So many YA books start before the revolution, but this one takes place several years into a new dictatorship/oligarchy that replaces the monarchy. It’s a concept that has been seen so many times throughout history, and I think it’s great to show the consequences of a rebellion in a fantasy setting. I’ll tell you this, it’s not all rainbows and sunshine when the original government gets overthrown — even if they were tyrannical.
The story follows the split-perspective of Annie and Lee, both orphaned from the revolution but in very different ways. They have grown up, dealing with the harsh realities of their new world. Now they’re part of the elite guard of dragon riders. But as the revolution becomes more complicated and other conflicts arise, the two must decide if they will continue to fight for this new government or lose themselves in the similarities between both regimes.
In order for me to give a book five stars, it has to be a fantastic story, but it also has to contain something that transcends the pages. This book did a great job of making a fantasy world still comparable to our society. There were just too many little story things that took it down a star for me. All in all, I thoroughly enjoyed the book and would recommend this book to anyone who likes fantasy and reading about class struggle or the consequences of revolutions. Also, can I just say how refreshing it is to read a YA book with a decent Lexicon?
There were so many things I liked about this book: a realistic descent into chaos after a revolution, vulnerable male characters, people talking through their psychological trauma, and so much more. But there was also a handful of details that I didn’t think worked well. Let’s talk about those first.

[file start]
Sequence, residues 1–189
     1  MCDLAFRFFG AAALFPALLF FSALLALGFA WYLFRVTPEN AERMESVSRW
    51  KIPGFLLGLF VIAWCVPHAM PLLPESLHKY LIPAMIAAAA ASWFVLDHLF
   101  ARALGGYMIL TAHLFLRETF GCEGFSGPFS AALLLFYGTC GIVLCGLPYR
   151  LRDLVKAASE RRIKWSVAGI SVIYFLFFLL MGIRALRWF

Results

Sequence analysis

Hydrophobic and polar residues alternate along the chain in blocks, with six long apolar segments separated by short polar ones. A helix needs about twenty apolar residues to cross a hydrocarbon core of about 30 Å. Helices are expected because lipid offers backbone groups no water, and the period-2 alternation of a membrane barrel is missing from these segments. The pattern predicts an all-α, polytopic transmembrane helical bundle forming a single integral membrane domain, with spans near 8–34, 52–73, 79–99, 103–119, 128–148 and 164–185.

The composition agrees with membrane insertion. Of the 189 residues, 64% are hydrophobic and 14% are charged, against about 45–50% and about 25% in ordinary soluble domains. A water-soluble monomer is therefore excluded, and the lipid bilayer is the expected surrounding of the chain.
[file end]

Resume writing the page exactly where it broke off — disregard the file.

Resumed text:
Although I loved the split perspective of Annie and Lee at times, there are some points where this structure worked as a plot crutch. Usually, this would happen when Lee or Annie encounters huge emotional events like when Annie and Rock “have to” burn a villager. We’re in Lee’s perspective when she first tells him what happens, and then we get to see a scene from her perspective. But this whip-lash of going forward and backward in time (while still being in present tense) was a little jarring at times. Not a huge deal. Just bein’ a picky reader.
Speaking of burning that villager though, this seemed so out of character for Annie that I was immediately thrown out of my reading immersion. Are you telling me that just because the villagers aren’t giving them enough of their food supply, that in an instant without any other warnings, Annie just decides that they should burn people? After everything that she’s gone through with people getting burned to death? I know this moment was supposed to make them question whether or not they were just as bad as the monarchy, but at the same time, it was unbelievable for Annie to do this. It would have been entirely different if she had witnessed Rock’s dragon burn someone and then voiced her anger at him.